The Dis-eases of Secrecy
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More About This Title The Dis-eases of Secrecy
Dis-eases demonstrates how oppressive pasts can be engaged imaginatively rather than didactically. It is a seminal work for anyone committed to making post-apartheid’ meaningful.” Verne Harris, Director: Archive and Dialogue, Nelson Mandela Foundation Between 1981 and 1995, a top-secret chemical and biological warfare programme titled Project Coast was established and maintained by South Africa’s apartheid government. Under the leadership of Wouter Basson, Project Coast scientists were involved in a number of dubious activities, including the mass production of ecstasy, the development of covert assassination weapons and the manufacture of chemical poisons designed to be undetectable post-mortem. Dis-eases of Secrecy is a retrospective analysis of Project Coast and shows how South African governments (past and present) have chosen to deal with the issues of biochemical weapons and warfare. It investigates possibilities for understanding the world of politics by examining how Project Coast has been remembered and, in some instances, forgotten by African and international governments. Through their first-hand involvement in the investigation spanning over 20 years, the authors examine how the continuing silences, impunities and stories surrounding Project Coast are still relevant for political accountability today. Readers will engage with how what is hidden reveals, and what is revealed hides. In this cleverly constructed book, readers are able to choose their own journey through the story. By taking on the role of investigator, readers are faced with the complexities of transitional justice, reconciliation and scientist developments that might give them a different view of South African politics in an ever-changing world order.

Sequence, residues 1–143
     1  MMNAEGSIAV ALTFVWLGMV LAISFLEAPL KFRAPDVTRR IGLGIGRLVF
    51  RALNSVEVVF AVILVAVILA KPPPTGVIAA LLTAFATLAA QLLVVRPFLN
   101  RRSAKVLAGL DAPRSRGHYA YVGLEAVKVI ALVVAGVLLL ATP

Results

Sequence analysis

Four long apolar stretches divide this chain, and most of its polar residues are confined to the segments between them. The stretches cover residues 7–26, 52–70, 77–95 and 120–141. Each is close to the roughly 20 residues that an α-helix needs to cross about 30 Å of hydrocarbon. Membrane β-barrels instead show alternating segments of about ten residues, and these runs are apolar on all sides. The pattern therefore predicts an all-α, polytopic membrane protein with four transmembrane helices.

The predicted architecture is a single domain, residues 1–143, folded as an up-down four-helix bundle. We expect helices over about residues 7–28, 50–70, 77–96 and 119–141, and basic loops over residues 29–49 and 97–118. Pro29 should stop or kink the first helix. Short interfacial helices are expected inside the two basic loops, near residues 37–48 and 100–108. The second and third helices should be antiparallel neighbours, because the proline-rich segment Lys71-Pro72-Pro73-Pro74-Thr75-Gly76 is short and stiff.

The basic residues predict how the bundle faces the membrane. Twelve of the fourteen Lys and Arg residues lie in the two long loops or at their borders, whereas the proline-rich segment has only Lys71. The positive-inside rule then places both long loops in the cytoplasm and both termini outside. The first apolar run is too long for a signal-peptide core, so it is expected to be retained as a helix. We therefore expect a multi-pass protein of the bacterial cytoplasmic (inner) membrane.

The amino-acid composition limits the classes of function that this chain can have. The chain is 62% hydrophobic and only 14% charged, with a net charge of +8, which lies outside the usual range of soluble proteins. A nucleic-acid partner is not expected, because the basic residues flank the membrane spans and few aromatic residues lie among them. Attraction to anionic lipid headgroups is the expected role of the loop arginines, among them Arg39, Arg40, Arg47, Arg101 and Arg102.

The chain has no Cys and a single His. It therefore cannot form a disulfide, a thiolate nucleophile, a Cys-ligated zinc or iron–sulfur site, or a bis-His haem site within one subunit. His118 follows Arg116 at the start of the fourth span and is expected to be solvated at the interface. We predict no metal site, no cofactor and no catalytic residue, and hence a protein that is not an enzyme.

Chandré Gould is a senior research fellow at the Institute for Security Studies in South Africa. She investigated Project Coast for the Truth and Reconciliation Commission. She is the author of Secrets and Lies: Wouter Basson and South Africa’s Chemical and Biological Warfare Programme. Gould is a research associate at the Durban Institute of Technology. Brian Rappert is Professor of Science, Technology and Public Affairs in the Department of Sociology, Philosophy and Anthropology at the University of Exeter. His previous books include How to Look Good in War.